It hasn’t been easy for investors in gold. With international prices of gold falling over 25 per cent in 2013, the outlook was quite grim at the start of the year.
Indian investors, however, were saved from heavy losses in 2013 -- only 2.5 per cent drop in gold prices--because of the falling rupee. Surprisingly, gold prices, in 2014, have not fallen further. In fact, they have risen by Rs 1,000 since January.
So, should you increase your gold holdings or reduce them? Experts are unwilling to stick their neck out. The reason: Gold companies have started reducing production. This implies that gold prices will not go on a free fall anytime soon.
Madan Sabnavis, chief economist, CARE Ratings, expects gold prices to go up to $1,600-1,700 in the next three-four years. “If you are a medium-term investor, it does not make sense to sell the yellow metal,” says Sabnavis, adding that hold on to gold, if you can.
But it is not advisable to sell your other financial assets --debt or equity--to buy more gold. The reason: With interest rates likely to stay steady or most likely, fall over the next year, returns from debt will fall. But investors will gain, in terms of higher capital gains from their investments.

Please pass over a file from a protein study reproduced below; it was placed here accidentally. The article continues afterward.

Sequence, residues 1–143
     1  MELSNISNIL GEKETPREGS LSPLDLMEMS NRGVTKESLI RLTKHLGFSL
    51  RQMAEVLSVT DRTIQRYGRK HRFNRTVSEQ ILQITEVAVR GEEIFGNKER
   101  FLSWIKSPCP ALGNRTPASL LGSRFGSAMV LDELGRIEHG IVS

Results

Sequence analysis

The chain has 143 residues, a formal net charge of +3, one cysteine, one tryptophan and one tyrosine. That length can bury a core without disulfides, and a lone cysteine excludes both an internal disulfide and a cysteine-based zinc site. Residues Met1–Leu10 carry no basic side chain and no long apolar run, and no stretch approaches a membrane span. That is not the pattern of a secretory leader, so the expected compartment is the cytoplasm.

Similarly, the outlook on the equity market is quite uncertain due to the absence of any clarity on who will form the next government. “In any case, while the equity market might see a sharp spike if there is a stable government, but till the economic scenario improves substantially, this rally is unlikely to sustain over a longer period,” says a fund manager.
Investment experts are clear on one thing. If you have overloaded your portfolio with either gold coins or exchange-traded funds, prune it. “If money is required over the next three-six months, we are asking clients to liquidate gold and raise money. Otherwise, we are asking them to rebalance, according to asset allocation,” says Gaurav Mashruwala, certified financial planner.
According to financial planner, Amar Pandit, if one is making good money on their investments, it could be a good opportunity to exit. Otherwise, if the returns are flat at five to seven per cent, it makes little sense to do so. “If there are investors who are looking for safe returns (without much volatility) of around 10 per cent over the next two years, they might as well sell and look at debt because the latter is likely to give similar returns over the next two years,” says Pandit.
He feels that given that returns on gold for Indian investors is largely dependent on rupee besides demand as well, there are too many variables for the investors who want to play it safe.